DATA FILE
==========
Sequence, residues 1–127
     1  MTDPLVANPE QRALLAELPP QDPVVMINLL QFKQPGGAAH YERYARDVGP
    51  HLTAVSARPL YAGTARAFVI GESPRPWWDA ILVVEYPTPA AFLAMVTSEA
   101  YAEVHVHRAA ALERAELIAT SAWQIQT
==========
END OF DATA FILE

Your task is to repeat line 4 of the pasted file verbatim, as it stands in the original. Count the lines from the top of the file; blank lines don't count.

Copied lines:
   101  YAEVHVHRAA ALERAELIAT SAWQIQT